From Odessa Lake the one-way hike continues by heading down to its next destination at Fern Lake. Once back on the main route the trail descends fairly rapidly towards the lake. At roughly 5.1 miles from the trailhead you'll have a great view of Fern Lake from roughly 50 feet above the water. In my opinion this view is much more scenic than what's offered from the shore further down the trail. Standing prominently behind the lake from this vantage point is 12,922-foot Stones Peak.
From the overlook area the trail skirts around the east side of the lake, passes the Fern Lake Group Campsite, and then crosses a fairly long footbridge before arriving at the foot of the lake, roughly 5.4 miles from the trailhead. The north shore of Fern Lake offers great views of 12,129-foot Notchtop Mountain, 11,586-foot Little Matterhorn, 12,331-foot Knobtop Mountain and 11,018-foot The Gable.
In the early 1900s Dr. William J. Workman began building a fishing lodge along the shores of the lake. This would eventually evolve into the Fern Lake Lodge, which would include a dining room, as well as a dormitory and log cabins that could accommodate up to 55 people. Although the lodge ceased most operations in the late 1930s, it continued serving light snacks through the 1950s. During the summer of 1958 the lodge was managed by future folksinger Judy Collins and her husband. In 1976 the National Park Service razed the property and returned it to its natural state.
After passing the Fern Lake Patrol Cabin, which was built in 1925, the trail continues marching northward. At roughly 5.5 miles hikers will arrive at the Spruce Lake Trail junction. This pleasant lake can be reached by hiking eight-tenths of a mile up a fairly rugged trail.
Beyond the Spruce Lake Trail junction the trail becomes a relentless descent, and drops more than 650 feet in one mile as it makes its way down to Fern Falls. At roughly 6.6 miles hikers will reach Fern Falls, a beautiful 60-foot waterfall that plunges down Fern Creek.
From the waterfall the trail resumes its rapid descent towards the Big Thompson River.
At just over 7.3 miles you'll pass the side trail that leads to the Old Forest Inn Backcountry Campsite (two sites).
Just beyond the campsite, at 7.5 miles, is the Cub Lake Trail junction. This also marks the spot where Fern Creek meets the Big Thompson River. This confluence forms the turbulent waters known as The Pool, and is a popular area for picnics and fishing.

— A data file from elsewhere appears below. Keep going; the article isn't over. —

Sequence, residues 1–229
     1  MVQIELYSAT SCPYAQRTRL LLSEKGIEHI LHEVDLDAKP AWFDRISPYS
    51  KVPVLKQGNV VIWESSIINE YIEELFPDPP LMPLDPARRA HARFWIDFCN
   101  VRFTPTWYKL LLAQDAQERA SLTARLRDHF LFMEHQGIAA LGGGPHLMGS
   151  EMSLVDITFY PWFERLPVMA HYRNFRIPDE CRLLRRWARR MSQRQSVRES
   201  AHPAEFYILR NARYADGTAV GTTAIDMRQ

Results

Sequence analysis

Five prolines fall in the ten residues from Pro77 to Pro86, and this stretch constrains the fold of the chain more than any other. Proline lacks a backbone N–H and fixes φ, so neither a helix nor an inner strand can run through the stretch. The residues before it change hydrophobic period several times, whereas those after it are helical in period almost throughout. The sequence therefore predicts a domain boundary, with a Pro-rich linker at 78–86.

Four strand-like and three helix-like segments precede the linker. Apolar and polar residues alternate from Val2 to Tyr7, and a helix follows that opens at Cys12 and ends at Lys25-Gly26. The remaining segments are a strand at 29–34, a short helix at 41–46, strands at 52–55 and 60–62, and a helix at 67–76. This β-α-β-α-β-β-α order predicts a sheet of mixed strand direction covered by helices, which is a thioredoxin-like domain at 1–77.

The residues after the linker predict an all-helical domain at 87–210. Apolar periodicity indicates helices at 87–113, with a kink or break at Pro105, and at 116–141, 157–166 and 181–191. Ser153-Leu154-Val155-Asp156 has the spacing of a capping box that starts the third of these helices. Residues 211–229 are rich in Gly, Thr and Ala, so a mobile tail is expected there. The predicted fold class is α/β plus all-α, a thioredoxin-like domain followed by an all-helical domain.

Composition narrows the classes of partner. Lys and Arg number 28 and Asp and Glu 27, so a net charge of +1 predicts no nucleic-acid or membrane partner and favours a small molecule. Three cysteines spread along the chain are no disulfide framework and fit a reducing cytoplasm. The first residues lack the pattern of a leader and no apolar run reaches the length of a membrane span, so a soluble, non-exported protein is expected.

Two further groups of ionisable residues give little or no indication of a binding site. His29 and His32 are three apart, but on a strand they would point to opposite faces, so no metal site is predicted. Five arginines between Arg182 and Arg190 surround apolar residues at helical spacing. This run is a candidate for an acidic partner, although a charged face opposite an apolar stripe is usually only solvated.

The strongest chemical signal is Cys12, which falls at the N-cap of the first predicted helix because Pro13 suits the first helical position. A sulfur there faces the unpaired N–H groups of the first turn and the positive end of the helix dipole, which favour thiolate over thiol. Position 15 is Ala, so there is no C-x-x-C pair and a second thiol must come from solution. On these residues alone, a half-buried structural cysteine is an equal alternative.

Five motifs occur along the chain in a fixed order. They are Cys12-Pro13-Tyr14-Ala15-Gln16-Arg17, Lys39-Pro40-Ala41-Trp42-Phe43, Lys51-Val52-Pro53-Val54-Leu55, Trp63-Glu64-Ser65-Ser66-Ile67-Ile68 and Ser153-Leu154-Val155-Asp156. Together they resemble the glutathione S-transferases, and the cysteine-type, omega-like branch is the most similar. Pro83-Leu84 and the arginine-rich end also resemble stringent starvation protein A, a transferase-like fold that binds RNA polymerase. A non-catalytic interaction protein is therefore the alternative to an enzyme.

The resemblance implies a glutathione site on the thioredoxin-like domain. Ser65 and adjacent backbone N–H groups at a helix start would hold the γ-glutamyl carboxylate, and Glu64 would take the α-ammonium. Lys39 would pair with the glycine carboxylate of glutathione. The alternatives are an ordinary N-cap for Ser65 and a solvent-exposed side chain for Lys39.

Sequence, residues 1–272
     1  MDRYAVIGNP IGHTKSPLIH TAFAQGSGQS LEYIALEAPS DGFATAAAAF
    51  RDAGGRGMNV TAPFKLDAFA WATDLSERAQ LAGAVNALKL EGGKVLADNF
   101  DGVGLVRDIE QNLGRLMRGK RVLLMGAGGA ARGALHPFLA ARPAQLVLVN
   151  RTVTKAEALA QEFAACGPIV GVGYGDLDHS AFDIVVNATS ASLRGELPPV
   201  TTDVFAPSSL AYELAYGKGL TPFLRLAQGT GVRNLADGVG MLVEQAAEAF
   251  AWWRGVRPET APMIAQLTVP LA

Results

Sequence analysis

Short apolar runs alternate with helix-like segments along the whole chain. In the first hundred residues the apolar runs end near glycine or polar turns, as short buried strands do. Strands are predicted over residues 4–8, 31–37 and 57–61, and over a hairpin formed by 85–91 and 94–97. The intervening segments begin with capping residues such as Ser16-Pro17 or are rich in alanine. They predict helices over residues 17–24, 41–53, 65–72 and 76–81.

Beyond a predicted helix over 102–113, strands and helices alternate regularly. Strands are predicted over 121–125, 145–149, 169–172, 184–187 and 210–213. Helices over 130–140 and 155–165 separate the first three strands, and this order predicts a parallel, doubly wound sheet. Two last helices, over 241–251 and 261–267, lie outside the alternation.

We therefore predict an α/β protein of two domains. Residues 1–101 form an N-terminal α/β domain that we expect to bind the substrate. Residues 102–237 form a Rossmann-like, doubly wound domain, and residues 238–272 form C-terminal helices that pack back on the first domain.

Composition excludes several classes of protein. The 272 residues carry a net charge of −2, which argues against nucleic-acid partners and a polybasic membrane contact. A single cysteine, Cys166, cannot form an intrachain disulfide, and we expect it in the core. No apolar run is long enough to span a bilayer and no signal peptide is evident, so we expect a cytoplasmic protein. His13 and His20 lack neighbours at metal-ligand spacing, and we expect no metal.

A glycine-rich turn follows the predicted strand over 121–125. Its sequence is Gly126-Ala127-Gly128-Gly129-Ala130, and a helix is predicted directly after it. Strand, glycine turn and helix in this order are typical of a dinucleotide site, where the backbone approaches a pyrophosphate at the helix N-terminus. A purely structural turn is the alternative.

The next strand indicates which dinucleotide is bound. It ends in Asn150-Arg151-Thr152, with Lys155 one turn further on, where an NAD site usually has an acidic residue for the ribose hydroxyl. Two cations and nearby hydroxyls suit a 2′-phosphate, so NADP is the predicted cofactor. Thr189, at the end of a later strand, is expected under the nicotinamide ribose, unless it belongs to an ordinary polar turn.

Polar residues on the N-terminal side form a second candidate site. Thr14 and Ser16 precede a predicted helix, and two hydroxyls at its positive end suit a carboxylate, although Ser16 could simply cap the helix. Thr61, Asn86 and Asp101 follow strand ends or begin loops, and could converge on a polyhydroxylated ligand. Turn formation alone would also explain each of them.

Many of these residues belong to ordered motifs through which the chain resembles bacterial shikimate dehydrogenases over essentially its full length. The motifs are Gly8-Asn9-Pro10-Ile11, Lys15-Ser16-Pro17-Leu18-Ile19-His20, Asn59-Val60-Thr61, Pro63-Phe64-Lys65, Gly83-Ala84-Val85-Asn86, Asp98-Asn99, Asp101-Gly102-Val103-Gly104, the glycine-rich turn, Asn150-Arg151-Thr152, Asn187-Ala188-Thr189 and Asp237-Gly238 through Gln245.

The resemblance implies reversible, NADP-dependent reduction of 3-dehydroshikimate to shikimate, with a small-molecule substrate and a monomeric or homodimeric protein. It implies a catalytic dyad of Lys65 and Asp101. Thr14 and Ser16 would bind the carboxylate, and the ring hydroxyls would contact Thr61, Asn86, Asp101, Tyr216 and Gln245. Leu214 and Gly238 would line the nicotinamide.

Located near The Pool is the former site of the Forest Inn. Established in 1917, the Forest Inn featured a lodge, dining room, lounge, and several cabins throughout its lifespan. The resort was sold to the National Park Service in 1952, and was razed in 1959.
Much of the area around The Pool was scorched during the Fern Lake Fire in the fall of 2012. The wildfire burned 3500 acres in the lower Forest Canyon, Cub Lake and Moraine Park areas, making it the largest wildfire in Rocky Mountain National Park history. It's believed the fire was sparked by an illegal campfire on October 9th. Although it was a low intensity fire, and remained under control for the most part, it still forced the closure of almost all the trails in the Moraine Park and Bear Lake Road areas for several weeks. That all changed on November 30th when a fierce wind storm brought 70 mph gusts that pushed the fire 3 miles in just 35 minutes, and more than doubled its size as it raced across Moraine Park. At its peak more than 600 fire fighters were assigned to the blaze. The fire was all but fully extinguished when heavy snow arrived in mid-December.
From The Pool the trail follows the Big Thompson River all the way down to the Fern Lake Trailhead.
At roughly 8 miles hikers will pass through Arch Rocks, a couple of house-sized rocks that presumably landed on this spot when a large boulder fell from the cliffs above and split apart.
From Arch Rocks the Fern Lake Trail alternates between forest and a few open areas that provide some pretty good views of the Big Thompson Valley. Along the way you'll pass through a mixed forest of aspens, lodgepole pine, ponderosa pine, cottonwoods and willows, as well as a variety of wildflowers in the spring and summer.
At 9.2 miles hikers will finally arrive at the Fern Lake Trailhead. If using the park shuttle system for this hike you'll still have another eight-tenths of a mile of walking along the dirt road to reach the Fern Lake shuttle stop.